5.1 Children Suffering, or Likely to Suffer, Significant Harm

If a worker is concerned that a child is suffering or likely to suffer Significant Harm, a telephone referral to Local Authority Children’s Services must be made as soon as possible  - see Kent - Contact Details; Medway - Contact Details. For more information see Referrals Procedure.

Following the telephone referral, the worker should confirm their concerns in writing within 24 hours. If the child has been the subject of a CAF then a copy, together with a copy of the multidisciplinary plan, should be attached to the written confirmation. If the practitioner does not have a copy, reference to the completed CAF detailing who undertook it and their contact details, if known, should be made in the written confirmation.

If practitioners need to refer a child who they think is suffering or likely to suffer Significant Harm outside of office hours, they should ring the Out of Hours Service for Specialist Children’s Services/Social Care.


6. Action following Referral

Following any referral to Local Authority Children’s Services there may be one of these responses:

  • No further action is deemed necessary;
  • A Child and Family Assessment undertaken which may identify the young person as a Child in Need and additional services provided;
  • A Child and Family Assessment undertaken which may identify the young person as a child suffering or likely to suffer Significant Harm and in need of Child Protection intervention.

Multi-agency meetings should take place either as part of child protection, or Child in Need requirements.

Wherever possible, appropriate support should be offered and agencies should continue to offer the services provided, either as a single agency if there is no other agency involvement, or in the multi-agency arena.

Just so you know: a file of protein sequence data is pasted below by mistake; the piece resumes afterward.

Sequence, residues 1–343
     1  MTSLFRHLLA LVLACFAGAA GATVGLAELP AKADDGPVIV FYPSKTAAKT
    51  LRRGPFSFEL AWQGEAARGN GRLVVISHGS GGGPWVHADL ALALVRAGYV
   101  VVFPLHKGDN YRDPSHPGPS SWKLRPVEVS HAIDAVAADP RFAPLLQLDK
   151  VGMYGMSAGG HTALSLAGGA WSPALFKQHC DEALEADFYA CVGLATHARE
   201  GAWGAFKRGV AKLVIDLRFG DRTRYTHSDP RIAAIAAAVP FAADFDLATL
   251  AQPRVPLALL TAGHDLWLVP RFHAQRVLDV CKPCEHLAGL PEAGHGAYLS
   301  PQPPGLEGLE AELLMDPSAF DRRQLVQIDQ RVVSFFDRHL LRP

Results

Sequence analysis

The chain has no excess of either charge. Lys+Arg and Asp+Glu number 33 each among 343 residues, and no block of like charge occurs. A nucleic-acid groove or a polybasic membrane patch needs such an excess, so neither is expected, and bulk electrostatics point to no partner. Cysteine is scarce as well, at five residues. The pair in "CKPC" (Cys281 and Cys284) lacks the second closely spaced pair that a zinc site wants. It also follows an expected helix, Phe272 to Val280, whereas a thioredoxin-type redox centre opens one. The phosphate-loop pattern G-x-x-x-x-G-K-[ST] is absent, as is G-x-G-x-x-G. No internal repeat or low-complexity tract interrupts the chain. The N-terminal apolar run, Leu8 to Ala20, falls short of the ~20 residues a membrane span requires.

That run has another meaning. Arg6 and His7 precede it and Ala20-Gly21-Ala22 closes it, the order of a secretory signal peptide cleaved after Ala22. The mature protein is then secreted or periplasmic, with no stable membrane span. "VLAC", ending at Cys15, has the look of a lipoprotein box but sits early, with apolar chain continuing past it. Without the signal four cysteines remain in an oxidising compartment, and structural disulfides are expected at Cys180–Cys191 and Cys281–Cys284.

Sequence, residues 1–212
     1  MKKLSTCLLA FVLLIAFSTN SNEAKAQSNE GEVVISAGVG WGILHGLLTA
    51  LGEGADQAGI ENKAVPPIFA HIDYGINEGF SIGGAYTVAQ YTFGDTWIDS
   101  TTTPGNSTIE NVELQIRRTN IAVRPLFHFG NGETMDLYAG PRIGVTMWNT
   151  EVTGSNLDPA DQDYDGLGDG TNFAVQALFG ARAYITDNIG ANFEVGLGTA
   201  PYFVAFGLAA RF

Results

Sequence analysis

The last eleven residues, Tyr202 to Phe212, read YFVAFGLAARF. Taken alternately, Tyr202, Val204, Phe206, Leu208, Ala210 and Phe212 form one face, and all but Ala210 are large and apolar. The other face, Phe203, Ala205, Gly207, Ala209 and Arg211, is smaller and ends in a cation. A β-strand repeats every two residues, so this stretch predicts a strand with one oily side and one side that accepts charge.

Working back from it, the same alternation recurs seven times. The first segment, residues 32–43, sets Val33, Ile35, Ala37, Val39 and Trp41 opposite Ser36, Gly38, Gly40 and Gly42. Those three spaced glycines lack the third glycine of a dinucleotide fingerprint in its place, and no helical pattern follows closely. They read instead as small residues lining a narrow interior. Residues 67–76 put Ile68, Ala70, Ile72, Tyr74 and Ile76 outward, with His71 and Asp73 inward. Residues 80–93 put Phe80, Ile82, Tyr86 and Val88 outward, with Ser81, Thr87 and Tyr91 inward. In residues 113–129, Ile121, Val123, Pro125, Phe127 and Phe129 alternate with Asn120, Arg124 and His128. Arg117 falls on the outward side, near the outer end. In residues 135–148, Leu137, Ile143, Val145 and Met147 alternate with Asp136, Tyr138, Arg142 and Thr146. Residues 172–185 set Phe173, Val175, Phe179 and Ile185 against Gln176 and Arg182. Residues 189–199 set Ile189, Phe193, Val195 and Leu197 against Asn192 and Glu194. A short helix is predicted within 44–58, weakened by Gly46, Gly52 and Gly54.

7. Sharing Information with Parents / Carers

Decisions to share information with parents / carers will be taken using practitioner judgement, following discussion with the child or young person and in consultation with other involved agencies. Decisions will be based on their age, maturity and ability to appreciate what is involved in terms of the implications and risks to themselves. Their relationship with their parents / carers, and the nature of the sexual relationship should also be considered when making a decision, as well as the parents’ / carers’ ability and commitment to protect their child.

Given the responsibility that parents have for the conduct and welfare of their children, practitioners should encourage the child or young person, at all points, to share information with their parents wherever it is safe to do so.


8. Advice, Information and Support

If a young person has admitted sexual activity to a practitioner but there are no causes for concern, the following discussions should take place with them:

  • Risk of pregnancy and contraceptive advice;
  • Sexually transmitted infections;
  • Safer sex;
  • Emotional response to being involved in a sexual relationship.

Information leaflets should also be provided to the young person and referral to local specialist agencies for further support may also be necessary, for example:

Brook for Young People

Further guidance is provided by the Department of Health, ‘Best practice guidance for doctors and other health practitioners on the provision of advice and treatment to young people under 16 on contraception, sexual and reproductive health’.


Appendix 1: Prompts for Workers Coming Into Contact with Sexually Active under 18's

Click here to view Appendix 1: Prompts for Workers Coming Into Contact with Sexually Active under 18's.